Helen Reddy shocked audiences in 1973 as she accepted her Grammy Award for Best Female Vocal Pop Performance and thanked God “because She makes everything possible.” The trophy, of course, was for “I Am Woman,” and it was the acceptance speech heard ’round the world. Helen Reddy had roared. News broke last evening that the Australian-born singer died at the age of 78, but not before she witnessed her classic anthem take on renewed meaning in modern-day America and around the globe.
Entertainment was in Helen’s blood. Her mother Stella Lamond was an actress, singer, and dancer; her father Maxwell Reddy was a writer, producer, and actor. (The family business continues still, as her half-sister Toni Lamond and nephew Tony Sheldon are both stage stars.) By age four, she was appearing on the Australian vaudeville circuit but as she approached her teenage years, second thoughts crept in. “It was instilled in me: You will be a star,” Reddy remembered. “So, between the ages of 12 and 17, I got rebellious and decided this was not for me. I was going to be a housewife and mother.” But when her marriage didn’t work out and she found herself a single mother, she realized that music would put food on the table. She relocated to the United States, paying her dues at small venues and earning a contract with Fontana in 1968. Her first single, “One Way Ticket,” failed to chart in America but made some noise in her native Australia.
Even as she enrolled in college to pursue academia and presumably a steadier paycheck, she didn’t lose sight of her dreams. Remarried to music manager Jeff Wald, she was signed to Capitol Records. The venerable label took a chance on her for a one-off single pairing Mac Davis’ “I Believe in Music” (which the singer-songwriter had introduced in 1970; it became a hit for the group Gallery in 1972) with Andrew Lloyd Webber and Tim Rice’s ballad “I Don’t Know How to Love Him” from their rock opera Jesus Christ Superstar. DJs didn’t take to “I Believe in Music,” but they did cotton to the B-side. They flipped the record, and in March 1971, it entered the Pop charts. By that point, MCA had already issued the Superstar original by Yvonne Elliman, but Reddy’s version prevailed with a No. 13 peak to Elliman’s No. 28. Once again proud of its favorite daughter, Australia made the single a No. 2 smash.
But it was Reddy’s own song that sealed her stardom and inspired a generation or more of women. “I Am Woman” was her defiant and powerful answer to songs in the mold of “I Feel Pretty” or the Sandy Posey hit “Born a Woman,” neither of which reflected her views. She thought back to the struggles the women in her family had experienced and overcome, and reflected on the objectification of women she had witnessed in her vaudeville days. Reddy felt that the lyrics had come to her via divine inspiration, and once composer Ray Burton set them to music, an anthem was born. “I Am Woman” was initially recorded on her I Don’t Know How to Love Him album and also included on the soundtrack to Stand Up and Be Counted, a lightweight, big-screen comedy about women’s liberation starring Jacqueline Bisset, Stella Stevens, Loretta Swit, and fellow singer Steve Lawrence.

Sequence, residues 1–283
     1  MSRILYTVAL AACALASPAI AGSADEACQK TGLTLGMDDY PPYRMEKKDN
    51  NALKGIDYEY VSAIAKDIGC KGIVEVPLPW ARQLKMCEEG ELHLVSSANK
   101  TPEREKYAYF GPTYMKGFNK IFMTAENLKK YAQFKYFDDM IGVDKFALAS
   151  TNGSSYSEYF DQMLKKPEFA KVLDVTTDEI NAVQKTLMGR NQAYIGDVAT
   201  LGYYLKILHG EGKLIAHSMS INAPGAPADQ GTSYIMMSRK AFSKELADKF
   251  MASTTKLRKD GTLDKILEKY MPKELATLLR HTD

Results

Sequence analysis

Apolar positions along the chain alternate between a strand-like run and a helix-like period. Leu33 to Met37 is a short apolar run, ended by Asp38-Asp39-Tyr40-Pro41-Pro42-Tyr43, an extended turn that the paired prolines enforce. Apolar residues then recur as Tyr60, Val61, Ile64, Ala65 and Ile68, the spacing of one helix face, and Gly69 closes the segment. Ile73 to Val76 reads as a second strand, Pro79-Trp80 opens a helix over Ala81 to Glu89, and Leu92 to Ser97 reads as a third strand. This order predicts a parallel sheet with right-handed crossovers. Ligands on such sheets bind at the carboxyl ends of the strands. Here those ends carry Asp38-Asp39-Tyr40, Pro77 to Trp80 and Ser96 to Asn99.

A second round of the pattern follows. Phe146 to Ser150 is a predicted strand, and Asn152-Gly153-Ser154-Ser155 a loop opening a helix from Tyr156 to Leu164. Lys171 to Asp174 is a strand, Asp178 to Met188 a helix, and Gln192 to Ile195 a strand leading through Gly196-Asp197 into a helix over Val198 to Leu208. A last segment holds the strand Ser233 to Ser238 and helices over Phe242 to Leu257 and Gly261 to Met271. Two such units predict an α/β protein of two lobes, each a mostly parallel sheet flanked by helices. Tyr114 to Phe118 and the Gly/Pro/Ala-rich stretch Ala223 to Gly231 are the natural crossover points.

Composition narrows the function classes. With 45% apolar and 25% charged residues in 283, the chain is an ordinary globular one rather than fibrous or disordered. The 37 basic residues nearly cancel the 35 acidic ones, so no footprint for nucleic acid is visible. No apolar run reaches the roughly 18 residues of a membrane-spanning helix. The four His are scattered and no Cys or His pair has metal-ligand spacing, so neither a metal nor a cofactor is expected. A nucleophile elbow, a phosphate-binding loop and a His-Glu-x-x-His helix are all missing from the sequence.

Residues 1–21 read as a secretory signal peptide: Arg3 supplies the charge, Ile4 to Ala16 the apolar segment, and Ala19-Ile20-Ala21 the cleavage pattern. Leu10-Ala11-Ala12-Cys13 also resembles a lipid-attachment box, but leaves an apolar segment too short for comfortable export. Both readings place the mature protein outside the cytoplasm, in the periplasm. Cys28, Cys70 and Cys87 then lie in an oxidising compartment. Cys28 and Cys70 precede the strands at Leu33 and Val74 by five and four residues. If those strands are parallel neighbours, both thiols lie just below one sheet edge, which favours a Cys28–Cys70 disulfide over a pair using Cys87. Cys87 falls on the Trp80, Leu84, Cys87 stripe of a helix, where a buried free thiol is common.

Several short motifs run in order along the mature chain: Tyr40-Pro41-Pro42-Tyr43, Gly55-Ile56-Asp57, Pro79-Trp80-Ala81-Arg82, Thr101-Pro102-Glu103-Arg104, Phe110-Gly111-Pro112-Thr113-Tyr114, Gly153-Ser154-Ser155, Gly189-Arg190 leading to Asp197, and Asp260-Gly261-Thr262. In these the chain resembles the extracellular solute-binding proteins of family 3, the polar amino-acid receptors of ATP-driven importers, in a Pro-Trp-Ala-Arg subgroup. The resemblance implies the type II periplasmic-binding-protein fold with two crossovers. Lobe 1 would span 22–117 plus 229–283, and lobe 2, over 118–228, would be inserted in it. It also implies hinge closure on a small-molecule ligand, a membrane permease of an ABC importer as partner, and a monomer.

Capitol implored Reddy to re-record “I Am Woman” as a single should the film succeed. Her single re-recording, featuring members of The Section and The Wrecking Crew, soon eclipsed any memory of the forgettable movie. It was released in May 1972 and before the year was out, it had reached No. 1 on the Billboard Hot 100 after a long climb. It was Capitol’s first No. 1 since Bobbie Gentry’s “Ode to Billie Joe,” the first No. 1 by an Australian artist, and the first Grammy winner by an Australian writer(s). But its impact was, indeed, greater. “I Am Women” dovetailed with the birth of the magazine Ms., and was adopted by the women’s liberation movement and its leading activists. Its words were both personal and universal, and threw down the gauntlet in their demand for equality. When Supreme Court Justice Ruth Bader Ginsburg passed away earlier this month, numerous articles written about her life as a champion of women’s rights were titled or otherwise referred to “I Am Woman.”
Helen Reddy went on to have other notable hits, including Alex Harvey’s “Delta Dawn,” Linda Laurie’s “Leave Me Alone (Ruby Red Dress),” Paul Williams and Kenny Ascher’s “You and Me Against the World,” Alan O’Day’s “Angie Baby,” Harriet Schock’s “Ain’t No Way to Treat a Lady,” and Richard Kerr and Will Jennings’ “Somewhere in the Night” (three years before Barry Manilow recorded it). After leaving Capitol, she recorded for labels including MCA and Varese Sarabande, and she also found success in other media. Her stardom on records led to memorable roles onscreen (Walt Disney Productions’ original Pete’s Dragon), on television (from The Love Boat to Family Guy), and on stages across the world (Blood Brothers, Anything Goes, The Mystery of Edwin Drood).
While she embarked upon a well-publicized retirement in 2002, Reddy returned to performing a decade later. In January 2017, she joined the Women’s March in Los Angeles. Introduced by Jamie Lee Curtis, she performed a fiery and still thrillingly relevant a cappella version of “I Am Woman.” Just weeks ago, the biopic called – what else? – I Am Woman starring Australia’s Tilda Cobham-Hervey was released in the United States, chronicling the artist’s rise to fame.
She was strong, she was invincible, she was Helen Reddy…and she leaves behind a legacy of song that will doubtless continue to inspire and empower.